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on language

August 5, 2014

Thank you, CBC, for sharing 2 great ideas for decentring dominant cultural ways of communicating. These inspire me to wonder about ways for Inuit and non-Inuit to look together about how language helps and hinders our efforts to understand each other and work well together.

The first inspiration is an effort by journalists on both sides of the current conflict in Gaza to identify language that is neutral and accurate for informing people about events and dynamics there. Listen here as editor Naomi Hunt describes the process of making The International Press Institute’s “Use with Care: A Reporter’s Glossary of Loaded Language in the Israeli-Palestinian Conflict,” and alternatives to some of the contentious terms.

Hunt’s goal with the report is for journalists and audiences alike to recognize the impact certain “loaded” words can have on how a conflict is perceived.
Words like “murder” or “caught in the crossfire” have been given the alternative “kill” as to not imply any guilt or innocence about those being killed or those committing the act. Yet there are 21 words in the glossary for which the team of journalists could not agree on a substitution.
“I think what’s important in those cases, is not that their use necessarily be avoided completely, but that when those words are used that the context be explained,” she says.
“They should explain the sourcing of some of the language that they use so that audiences are aware of what those meanings may be loaded with.”

“If we can have journalists and other people who speak about the conflict, understand that the words they use impact the way that people view the conflict and understand the conflict, and in fact that some of that language may cause people to turn away and just stop listening, then that would already be a great success.”

I loved imagining journalists with different perspectives on the conflict working together on this project, although in fact, groups of Israeli and Palestinian journalists worked separately to come up with these lists.

The second inspiration is a restaurant which requires diners to order in sign language. (Also on the theme of relating to other realities, is this restaurant staffed by people who are blind.) So often people with less comfort in the dominant cultural group work harder to promote comfort for those they are communicating with, (as when at my local building supply store today, English with a sprinkling of Inuktitut was used by folks whose primary languages were French, Inuktitut or English) while those with more ease make less effort. But by sticking to one language, we lose ways to understand and express ourselves.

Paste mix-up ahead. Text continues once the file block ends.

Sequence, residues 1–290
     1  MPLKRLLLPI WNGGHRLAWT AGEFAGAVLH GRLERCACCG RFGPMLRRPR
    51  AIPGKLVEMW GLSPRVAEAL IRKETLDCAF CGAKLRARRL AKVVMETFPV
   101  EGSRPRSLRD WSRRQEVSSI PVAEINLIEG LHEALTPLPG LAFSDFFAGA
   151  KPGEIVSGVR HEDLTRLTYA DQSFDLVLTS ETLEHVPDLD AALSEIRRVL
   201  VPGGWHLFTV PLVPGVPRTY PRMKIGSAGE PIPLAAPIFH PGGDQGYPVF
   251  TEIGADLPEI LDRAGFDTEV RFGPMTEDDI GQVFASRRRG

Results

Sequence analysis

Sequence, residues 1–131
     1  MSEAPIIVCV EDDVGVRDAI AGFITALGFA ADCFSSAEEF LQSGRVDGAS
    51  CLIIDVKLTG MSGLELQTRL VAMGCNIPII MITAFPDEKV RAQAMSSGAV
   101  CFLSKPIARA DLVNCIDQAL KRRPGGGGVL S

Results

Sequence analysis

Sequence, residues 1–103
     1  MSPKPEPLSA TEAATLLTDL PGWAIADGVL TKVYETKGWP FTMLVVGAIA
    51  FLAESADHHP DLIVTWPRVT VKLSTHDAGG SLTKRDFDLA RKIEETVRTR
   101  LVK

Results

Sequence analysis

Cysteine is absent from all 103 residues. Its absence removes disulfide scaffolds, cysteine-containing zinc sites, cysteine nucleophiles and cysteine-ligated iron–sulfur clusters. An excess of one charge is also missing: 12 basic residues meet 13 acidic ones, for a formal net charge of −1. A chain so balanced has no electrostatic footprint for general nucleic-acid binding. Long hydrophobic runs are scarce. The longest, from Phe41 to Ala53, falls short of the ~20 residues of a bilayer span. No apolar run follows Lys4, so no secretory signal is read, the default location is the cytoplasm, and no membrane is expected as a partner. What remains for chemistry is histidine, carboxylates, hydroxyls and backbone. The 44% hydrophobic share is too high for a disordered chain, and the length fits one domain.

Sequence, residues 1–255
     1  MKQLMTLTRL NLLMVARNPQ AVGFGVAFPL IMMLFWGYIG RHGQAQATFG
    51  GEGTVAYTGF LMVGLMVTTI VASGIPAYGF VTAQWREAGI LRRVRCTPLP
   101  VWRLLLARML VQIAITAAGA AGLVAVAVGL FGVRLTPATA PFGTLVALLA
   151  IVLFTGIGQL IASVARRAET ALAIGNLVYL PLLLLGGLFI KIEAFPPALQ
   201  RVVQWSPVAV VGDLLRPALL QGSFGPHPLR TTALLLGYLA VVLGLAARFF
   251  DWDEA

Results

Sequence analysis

I’m reminded of two experiences I’ve had as a hearing person among deaf people. On a Vancouver bus, I was struck by the beauty of a group conversation with hands like dancing birds – the lively expressions of speakers and listeners giving each other their fully engaged attention. As a child, I remember being a little intimidated by being whacked often by non-hearing schoolmates. Other hearing kids and I spoke of deaf kids as violent. Thinking back to the attentiveness and lively expressions of the signing people on that bus, I think how that touch was used to get our attention when we were looking somewhere else – which was most of the time.

So how could we play together with language in Inuit lands? We have language classes available during the daytime for people whose work and finances permit, and many social opportunities to speak simply together. I’d love to see more small groups gathering just to share words together – or radio programmes like Word of the Week on CBC’s C’est La Vie. These could also help to share understandings between speakers of the various dialects of Inuit language, or speakers from different generations and places. So many possibilities for communicating differently together, and for understanding each other with more nuance and accuracy.

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